Honestly these bike lanes are nuisance more than they are helpful, Bikers can give two craps about a pedestrian crossing WITH THE RIGHT OF WAY they still try to run you over and yell for you to get out of the way, yet I have the light to walk. Causes more traffic for nothing because only like 1/5th of bike riders use the lane they are still riding on the sidewalks. Adding more is just more of a headache for Pedestrians and Drivers alike, Sunnyside is just going from bad to worse with gentrification

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Anonymous

Great news! the city needs to continue promoting and enabling bicycle transport, especially since the MTA is such a mess.

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Wear a helmet.

As a resident of 43rd street for well over two decades, I have seen the number of FATAL collisions that occur on the corner of 43rd Street and the Queens Midtown Expressway, the service road that leads to Hunters Point. With this ‘flawless’ redesign, not only are you going to make it increasingly difficult for tax paying residents to maneuver out of their driveways safely, which is already an issue, due to the influx of traffic 43rd Street has seen over the last few years, but you are creating a path into an extremely dangerous area. Without proper repercussions for cyclists failing to follow traffic laws, this intersection is going to be a catastrophe. In the end, it doesn’t matter. Most likely a scheme to boost property value, but it’s important to ask, at what cost. If I hit a cyclist, someone will take my plate, make and model. I will have police waiting at my door. If a cyclist hits my vehicle OR my person, as a pedestrian, I will get (and have gotten) the finger and a few choice words. This is what property tax gets us? What a joke.

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lol

The NYPD had a “cyclist crackdown” a couple years ago and cyclists that have struck pedestrians will certainly be charged, the DOT has stats on it if you don’t mind facts interrupting your narrative

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Bozo

Describe the suspect. He was a white guy with a blue Huffy…Yeah, goodluck with that.

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Hmm why haven't we heard about a two decade scourge of murderous cyclists?

You’ve personally seen fatal bike accidents over two decades and never called the police?!

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Nice

This is great! Hope they’ve similar plans for cyclists once you reach the other side. We also need better cycling facilities on the south side. Not fair that the north side gets protected lanes and the south side gets paint. Rust-56-review-Borden could be a 10-15 ride to hunters pt park south, the ferry, and the 7 train. Right now it’s a death trap by the cemetery and factories.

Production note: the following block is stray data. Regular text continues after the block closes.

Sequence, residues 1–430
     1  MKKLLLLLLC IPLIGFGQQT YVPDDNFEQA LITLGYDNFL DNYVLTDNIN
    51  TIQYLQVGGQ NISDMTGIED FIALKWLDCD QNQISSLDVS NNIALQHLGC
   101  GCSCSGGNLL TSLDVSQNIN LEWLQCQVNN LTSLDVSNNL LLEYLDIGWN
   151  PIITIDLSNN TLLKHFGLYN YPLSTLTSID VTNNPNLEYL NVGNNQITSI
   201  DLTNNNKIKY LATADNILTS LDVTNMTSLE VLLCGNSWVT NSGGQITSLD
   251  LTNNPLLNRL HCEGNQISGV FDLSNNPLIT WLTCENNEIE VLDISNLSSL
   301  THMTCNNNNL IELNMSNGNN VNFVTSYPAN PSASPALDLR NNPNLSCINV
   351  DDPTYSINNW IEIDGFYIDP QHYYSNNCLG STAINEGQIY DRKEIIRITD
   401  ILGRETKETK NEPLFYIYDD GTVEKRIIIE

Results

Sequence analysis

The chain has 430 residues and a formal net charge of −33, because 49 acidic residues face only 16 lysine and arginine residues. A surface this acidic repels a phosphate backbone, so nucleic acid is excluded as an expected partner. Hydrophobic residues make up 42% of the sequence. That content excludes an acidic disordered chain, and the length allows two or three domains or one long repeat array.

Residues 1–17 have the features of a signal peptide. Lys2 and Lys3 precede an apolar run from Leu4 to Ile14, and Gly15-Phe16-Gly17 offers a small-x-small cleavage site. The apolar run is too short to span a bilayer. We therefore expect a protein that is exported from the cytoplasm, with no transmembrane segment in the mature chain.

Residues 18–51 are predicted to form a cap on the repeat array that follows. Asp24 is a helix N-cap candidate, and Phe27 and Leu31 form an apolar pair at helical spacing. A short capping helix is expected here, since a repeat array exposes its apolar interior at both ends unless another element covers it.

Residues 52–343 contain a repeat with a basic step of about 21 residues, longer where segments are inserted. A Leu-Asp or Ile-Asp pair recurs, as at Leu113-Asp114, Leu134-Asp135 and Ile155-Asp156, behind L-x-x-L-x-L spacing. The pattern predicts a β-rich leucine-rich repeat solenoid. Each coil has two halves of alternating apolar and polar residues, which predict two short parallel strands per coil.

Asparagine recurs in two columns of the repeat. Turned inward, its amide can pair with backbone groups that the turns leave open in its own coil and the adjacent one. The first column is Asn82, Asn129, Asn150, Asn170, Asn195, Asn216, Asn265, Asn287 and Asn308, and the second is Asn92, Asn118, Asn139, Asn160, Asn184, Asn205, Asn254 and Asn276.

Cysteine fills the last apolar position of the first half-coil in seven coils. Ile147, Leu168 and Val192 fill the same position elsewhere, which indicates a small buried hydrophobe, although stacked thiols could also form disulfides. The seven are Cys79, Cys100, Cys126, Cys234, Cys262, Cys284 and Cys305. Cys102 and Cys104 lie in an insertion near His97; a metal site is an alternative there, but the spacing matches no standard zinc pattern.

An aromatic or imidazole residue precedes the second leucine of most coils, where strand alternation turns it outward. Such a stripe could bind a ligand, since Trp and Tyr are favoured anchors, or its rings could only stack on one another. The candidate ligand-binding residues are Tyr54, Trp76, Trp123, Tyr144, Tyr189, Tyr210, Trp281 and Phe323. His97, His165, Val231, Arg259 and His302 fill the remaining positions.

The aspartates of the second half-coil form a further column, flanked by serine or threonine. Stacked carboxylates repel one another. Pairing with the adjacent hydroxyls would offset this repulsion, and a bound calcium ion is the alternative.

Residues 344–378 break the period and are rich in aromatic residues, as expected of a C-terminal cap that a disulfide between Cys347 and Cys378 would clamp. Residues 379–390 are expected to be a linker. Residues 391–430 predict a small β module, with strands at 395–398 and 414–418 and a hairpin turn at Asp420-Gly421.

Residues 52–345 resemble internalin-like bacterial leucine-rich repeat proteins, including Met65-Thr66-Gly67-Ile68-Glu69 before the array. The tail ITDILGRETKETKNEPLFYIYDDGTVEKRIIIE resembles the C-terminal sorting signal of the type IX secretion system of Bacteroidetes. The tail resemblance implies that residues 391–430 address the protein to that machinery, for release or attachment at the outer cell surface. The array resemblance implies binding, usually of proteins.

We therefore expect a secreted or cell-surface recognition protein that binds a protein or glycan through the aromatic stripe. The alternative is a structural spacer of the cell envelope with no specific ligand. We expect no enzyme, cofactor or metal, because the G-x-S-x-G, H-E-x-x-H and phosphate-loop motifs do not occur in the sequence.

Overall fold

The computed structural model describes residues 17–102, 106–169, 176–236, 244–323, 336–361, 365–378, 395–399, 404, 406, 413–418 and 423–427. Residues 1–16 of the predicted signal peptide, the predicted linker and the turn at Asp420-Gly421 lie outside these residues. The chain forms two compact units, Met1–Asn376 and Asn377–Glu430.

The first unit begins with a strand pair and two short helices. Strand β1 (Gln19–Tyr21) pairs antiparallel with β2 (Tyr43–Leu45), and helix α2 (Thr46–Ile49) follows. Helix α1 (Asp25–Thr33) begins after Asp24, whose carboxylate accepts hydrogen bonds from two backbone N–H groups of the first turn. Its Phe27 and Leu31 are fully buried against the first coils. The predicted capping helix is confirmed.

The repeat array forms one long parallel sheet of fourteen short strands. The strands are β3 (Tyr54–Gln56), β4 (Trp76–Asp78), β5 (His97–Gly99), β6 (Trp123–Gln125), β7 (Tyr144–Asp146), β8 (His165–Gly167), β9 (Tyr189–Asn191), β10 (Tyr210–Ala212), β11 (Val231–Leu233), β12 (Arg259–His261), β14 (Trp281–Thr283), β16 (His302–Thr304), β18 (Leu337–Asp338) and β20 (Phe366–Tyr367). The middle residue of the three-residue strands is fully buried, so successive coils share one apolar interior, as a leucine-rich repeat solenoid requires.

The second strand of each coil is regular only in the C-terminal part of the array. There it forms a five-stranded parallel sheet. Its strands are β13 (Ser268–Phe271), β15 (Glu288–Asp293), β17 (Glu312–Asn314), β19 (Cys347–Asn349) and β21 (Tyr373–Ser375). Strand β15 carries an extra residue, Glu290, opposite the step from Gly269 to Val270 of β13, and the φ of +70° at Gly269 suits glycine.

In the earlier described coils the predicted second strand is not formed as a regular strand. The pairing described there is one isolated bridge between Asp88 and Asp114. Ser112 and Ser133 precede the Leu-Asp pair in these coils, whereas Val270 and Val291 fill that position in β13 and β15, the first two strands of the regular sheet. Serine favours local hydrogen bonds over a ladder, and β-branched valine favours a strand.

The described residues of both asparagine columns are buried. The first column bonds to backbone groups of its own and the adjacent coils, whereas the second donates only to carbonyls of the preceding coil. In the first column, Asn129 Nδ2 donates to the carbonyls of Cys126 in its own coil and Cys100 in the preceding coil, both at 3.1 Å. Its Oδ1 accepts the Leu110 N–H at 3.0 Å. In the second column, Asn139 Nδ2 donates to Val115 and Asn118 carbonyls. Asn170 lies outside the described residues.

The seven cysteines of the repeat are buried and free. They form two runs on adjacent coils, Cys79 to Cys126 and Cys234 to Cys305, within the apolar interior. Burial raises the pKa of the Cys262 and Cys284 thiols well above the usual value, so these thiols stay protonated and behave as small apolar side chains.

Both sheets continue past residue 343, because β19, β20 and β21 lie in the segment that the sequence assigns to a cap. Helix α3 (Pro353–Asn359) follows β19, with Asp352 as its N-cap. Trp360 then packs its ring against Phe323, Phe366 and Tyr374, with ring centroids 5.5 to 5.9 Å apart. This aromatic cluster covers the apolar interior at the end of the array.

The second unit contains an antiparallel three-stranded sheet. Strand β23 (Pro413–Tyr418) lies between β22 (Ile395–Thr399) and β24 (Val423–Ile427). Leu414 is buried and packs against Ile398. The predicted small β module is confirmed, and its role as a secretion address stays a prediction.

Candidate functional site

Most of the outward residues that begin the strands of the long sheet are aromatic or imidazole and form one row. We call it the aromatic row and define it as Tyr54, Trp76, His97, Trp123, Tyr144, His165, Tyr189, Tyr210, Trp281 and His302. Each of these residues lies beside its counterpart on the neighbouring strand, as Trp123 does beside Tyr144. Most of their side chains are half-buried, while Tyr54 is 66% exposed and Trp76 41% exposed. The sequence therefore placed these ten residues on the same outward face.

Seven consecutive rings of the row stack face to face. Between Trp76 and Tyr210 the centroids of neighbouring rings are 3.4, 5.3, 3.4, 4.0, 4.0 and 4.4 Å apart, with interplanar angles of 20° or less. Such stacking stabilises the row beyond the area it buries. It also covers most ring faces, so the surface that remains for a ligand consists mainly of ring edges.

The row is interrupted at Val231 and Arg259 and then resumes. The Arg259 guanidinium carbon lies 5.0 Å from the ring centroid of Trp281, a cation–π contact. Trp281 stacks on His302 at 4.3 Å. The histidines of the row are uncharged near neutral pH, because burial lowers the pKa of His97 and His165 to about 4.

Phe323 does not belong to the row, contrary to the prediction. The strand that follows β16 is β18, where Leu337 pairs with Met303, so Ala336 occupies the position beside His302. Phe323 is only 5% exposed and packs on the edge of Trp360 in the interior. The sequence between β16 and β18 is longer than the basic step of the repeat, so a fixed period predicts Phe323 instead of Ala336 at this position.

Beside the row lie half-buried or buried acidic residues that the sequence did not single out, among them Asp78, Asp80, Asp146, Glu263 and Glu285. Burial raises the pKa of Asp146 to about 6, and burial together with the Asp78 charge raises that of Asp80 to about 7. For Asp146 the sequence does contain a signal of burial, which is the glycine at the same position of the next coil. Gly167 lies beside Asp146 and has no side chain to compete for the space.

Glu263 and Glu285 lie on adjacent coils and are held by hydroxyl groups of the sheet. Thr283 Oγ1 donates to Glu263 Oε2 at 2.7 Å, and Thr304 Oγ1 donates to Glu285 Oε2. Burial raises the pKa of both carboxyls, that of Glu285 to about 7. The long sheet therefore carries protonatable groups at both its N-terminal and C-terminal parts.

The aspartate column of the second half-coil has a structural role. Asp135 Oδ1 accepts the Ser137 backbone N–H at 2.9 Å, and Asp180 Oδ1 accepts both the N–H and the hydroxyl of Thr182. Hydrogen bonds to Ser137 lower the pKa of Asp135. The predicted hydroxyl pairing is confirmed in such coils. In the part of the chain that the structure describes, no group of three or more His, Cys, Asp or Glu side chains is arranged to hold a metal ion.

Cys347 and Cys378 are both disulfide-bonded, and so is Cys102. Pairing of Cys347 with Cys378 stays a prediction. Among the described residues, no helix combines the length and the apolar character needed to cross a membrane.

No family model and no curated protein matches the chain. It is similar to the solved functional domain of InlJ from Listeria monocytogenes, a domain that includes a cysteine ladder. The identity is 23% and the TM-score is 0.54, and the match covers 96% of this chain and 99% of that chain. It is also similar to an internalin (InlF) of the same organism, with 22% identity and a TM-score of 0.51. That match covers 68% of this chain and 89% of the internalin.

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VelvetKnight

This is great news, but I’m most interested in learning more about the “in development” part on 56th/Rust (the dotted line in the first map).

That route is the fastest way to many parts of Brooklyn, and not nearly enough people know about it. Takes me about 25 minutes to get to Bushwick, versus 70-90 on the subway most weekends with the multiple transfers and construction.

Adding actual bike routes will get more people to realize how much better is is to get around.

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VelvetKnight

Anybody else eternally amused by the things that people will “thumbs down?”

As of right now 6 people are basically angry that I pointed out you can get to Bushwick faster on a bike than by taking 3 subways. How is that even controversial? ¯\_(ツ)_/¯

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Sunnysider

I am having an issue with the fact that the cars stop at the red light but the people in the green lane just keep on riding. So when you think you can cross the street you really can’t because you got some guy on a bike that is not stopping. This has happened to me twice already.. I think the bikers really need to abide by the same rules as the cars. And never mind the ones that are still riding on the sidewalks….next to the bike lanes?!!!

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Immoral Society